Finally, the court held that the provision would not contravene public policy as established in the uninsured-motorist statute. The court opined that the purpose of the uninsured motorist statute is to provide coverage which would compensate the insured at least to the same extent as he would have been if he had been injured by a motorist who was insured in compliance with the financial responsibility law. (Ill. Rev. Stat. 1975, ch. 95 1/2, par. 7-203.) Furthermore the antistacking clause was not violative of that purpose because in no instance would plaintiff receive less than $10,000 coverage.

Having carefully examined the facts of that case and the rationale of our supreme court, we find that Menke is dispositive of the issues presented in the case at bar. Here, as in Menke, the language of the relevant provisions clearly provided the limits of liability applicable to each person and to each accident, as set forth in the declarations. Based upon the clear and unambiguous language of those provisions, we find, as did the court in Menke, that the policy should be applied as written. Thus, plaintiff is not entitled to "stack" the uninsured motorist coverage. Moreover, we believe that the payment of premiums is of no consequence to our ruling, since the intent of the parties is manifested in the clear and unambiguous language of the antistacking provision. We find, therefore, that the trial court did not err in granting defendant's motion for summary judgment, as there exists no triable issues of fact and defendant is entitled to judgment as a matter of law.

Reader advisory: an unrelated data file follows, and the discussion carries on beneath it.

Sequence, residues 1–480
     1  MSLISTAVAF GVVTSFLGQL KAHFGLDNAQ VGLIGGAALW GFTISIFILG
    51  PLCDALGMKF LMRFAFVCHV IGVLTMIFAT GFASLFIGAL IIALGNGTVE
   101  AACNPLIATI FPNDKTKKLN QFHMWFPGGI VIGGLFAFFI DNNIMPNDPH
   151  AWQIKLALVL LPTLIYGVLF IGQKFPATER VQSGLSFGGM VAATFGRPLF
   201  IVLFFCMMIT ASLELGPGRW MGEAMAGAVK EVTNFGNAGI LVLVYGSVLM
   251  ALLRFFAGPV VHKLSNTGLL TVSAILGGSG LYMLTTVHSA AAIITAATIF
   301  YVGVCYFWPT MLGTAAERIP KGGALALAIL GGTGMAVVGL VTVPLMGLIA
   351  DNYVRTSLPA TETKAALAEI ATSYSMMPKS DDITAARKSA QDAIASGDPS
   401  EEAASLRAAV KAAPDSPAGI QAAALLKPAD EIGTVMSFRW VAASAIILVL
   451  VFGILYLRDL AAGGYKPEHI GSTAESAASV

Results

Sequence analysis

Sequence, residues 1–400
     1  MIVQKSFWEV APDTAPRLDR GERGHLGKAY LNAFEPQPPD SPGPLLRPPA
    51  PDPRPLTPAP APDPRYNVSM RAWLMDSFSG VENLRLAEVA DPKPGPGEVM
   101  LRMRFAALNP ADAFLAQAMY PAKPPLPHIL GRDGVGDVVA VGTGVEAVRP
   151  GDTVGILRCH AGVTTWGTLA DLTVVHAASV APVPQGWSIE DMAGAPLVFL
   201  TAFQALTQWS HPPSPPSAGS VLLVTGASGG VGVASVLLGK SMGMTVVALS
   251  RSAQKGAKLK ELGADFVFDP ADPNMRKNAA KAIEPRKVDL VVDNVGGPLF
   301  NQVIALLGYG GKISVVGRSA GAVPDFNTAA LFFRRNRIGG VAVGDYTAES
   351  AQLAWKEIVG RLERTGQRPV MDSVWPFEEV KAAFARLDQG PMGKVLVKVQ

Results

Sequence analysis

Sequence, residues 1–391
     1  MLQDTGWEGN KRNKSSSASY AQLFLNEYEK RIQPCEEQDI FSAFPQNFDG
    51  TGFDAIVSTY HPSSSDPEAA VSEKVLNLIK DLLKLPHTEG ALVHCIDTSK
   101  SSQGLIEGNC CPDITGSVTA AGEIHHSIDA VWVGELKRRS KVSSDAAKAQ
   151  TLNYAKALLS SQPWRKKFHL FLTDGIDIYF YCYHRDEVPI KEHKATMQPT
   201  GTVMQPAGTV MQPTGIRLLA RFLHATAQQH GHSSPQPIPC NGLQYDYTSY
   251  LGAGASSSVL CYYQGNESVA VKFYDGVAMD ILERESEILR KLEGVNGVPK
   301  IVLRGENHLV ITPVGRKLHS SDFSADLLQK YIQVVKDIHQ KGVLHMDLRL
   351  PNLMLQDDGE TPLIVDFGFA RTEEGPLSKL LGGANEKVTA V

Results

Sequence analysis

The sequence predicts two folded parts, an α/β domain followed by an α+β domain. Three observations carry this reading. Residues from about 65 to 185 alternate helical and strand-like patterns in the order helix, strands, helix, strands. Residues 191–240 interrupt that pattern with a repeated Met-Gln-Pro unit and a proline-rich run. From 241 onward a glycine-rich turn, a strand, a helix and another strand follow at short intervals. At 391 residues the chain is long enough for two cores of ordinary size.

Since we have determined that defendant's motion for summary judgment was properly granted, we need not address the remaining arguments advanced by plaintiff.

Accordingly, we affirm the judgment of the trial court.

Judgment affirmed.

LORENZ and MEJDA, JJ., concur.

19800613